The music comes from the 1940's and 50's, about the time that some of these couples were dating and dancing for the first time. And big band leader Jay Zainey was learning to play the saxophone, hearing the likes of Tommy Dorsey and Glenn Miller play their songs.
Zainey says, "I was schooled in it. Fell in love with it, and it always has been part of my life."
Zainey and his eight-piece orchestra have been playing at the Jefferson-Orleans North ballroom, every Wednesday night for the past 32 years. And on Sunday nights, another big band, led by ballroom owner Pat Barberot, hosts a weekly dance that started nine years earlier.
Zainey says, "This type of music is only prevalent in our ballroom, in the entire southeastern quadrant of the United States, if not the entire country."
Zainey and the orchestra have been aging gracefully along with many of the regulars on the dance floor, some of whom have been here nearly every Wednesday since this started more than 30 years ago.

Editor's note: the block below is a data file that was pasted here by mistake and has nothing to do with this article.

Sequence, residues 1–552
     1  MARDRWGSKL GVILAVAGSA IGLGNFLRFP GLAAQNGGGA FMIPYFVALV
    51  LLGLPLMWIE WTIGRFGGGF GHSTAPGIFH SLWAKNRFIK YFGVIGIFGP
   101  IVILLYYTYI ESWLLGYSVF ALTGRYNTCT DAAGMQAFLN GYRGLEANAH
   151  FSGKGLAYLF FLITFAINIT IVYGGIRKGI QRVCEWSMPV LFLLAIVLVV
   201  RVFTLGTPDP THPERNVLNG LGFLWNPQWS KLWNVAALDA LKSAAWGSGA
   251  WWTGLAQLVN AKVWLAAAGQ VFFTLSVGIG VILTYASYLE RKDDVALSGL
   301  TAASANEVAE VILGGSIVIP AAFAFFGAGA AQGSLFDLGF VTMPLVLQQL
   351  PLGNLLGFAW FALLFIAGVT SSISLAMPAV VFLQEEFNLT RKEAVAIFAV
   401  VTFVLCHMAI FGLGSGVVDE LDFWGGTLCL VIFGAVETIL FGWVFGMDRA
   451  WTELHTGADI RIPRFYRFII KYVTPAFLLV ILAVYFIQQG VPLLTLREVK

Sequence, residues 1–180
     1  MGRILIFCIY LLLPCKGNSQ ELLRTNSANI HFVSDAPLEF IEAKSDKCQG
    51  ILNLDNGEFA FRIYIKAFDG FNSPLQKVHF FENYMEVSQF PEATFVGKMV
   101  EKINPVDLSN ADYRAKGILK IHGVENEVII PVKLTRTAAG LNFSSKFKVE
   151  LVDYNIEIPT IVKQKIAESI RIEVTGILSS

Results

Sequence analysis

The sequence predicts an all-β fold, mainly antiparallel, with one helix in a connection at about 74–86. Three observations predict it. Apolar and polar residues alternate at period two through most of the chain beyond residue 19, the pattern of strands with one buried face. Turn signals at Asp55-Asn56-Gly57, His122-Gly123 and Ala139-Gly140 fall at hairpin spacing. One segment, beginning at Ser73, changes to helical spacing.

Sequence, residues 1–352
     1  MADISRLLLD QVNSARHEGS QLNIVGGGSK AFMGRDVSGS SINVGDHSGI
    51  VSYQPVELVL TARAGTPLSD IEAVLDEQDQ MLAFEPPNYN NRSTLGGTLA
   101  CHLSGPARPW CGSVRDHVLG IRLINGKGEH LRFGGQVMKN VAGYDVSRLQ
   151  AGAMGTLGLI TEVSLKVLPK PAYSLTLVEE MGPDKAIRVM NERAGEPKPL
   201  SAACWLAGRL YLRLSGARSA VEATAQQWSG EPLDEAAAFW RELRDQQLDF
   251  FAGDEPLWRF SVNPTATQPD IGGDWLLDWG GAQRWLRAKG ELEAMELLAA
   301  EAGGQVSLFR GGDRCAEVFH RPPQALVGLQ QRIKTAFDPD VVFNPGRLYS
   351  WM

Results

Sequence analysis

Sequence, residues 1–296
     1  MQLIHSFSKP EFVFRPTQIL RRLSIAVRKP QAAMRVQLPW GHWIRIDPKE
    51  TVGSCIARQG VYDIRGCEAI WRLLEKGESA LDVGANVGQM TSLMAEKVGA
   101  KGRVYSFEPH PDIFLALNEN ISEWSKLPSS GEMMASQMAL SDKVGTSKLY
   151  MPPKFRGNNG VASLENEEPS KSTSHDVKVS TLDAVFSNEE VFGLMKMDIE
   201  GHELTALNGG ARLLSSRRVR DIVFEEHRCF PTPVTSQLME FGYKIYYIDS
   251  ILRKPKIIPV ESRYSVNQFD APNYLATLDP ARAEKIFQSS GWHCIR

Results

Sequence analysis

Jean Wood says, "Since they built Jefferson-Orleans, my husband and I would come, and that was before Jay Zainey played."
Louise Lahoste says, "I love the music and I like to dance."
And you can see the joy in the faces of these elderly couples, who find their way to the dance floor week after week, year after year.
Zainey and the orchestra cater to their fans, leading them through a catalogue of tunes - the soundtrack of a bygone era that still stirs fond memories.
Monica Lestrade says, "You come here and it just takes you away from all your worries and your troubles. For a couple of hours you're with a lot of nice people."
Shirley Fontana says, "I've been a widow for 10 years now, and I tell you what - for the last year and a half this has been the best time of my life."
And the band leader who creates the musical magic shows no sign of slowing down as he reaches his 90th birthday.
Zainey says, "It's therapy for me. With the good Lord's help, I plan to be around for a lot of years."
Zainey believes this music will also be around for a long time - the songs are too good and they are too much a part of America for them to ever fade away.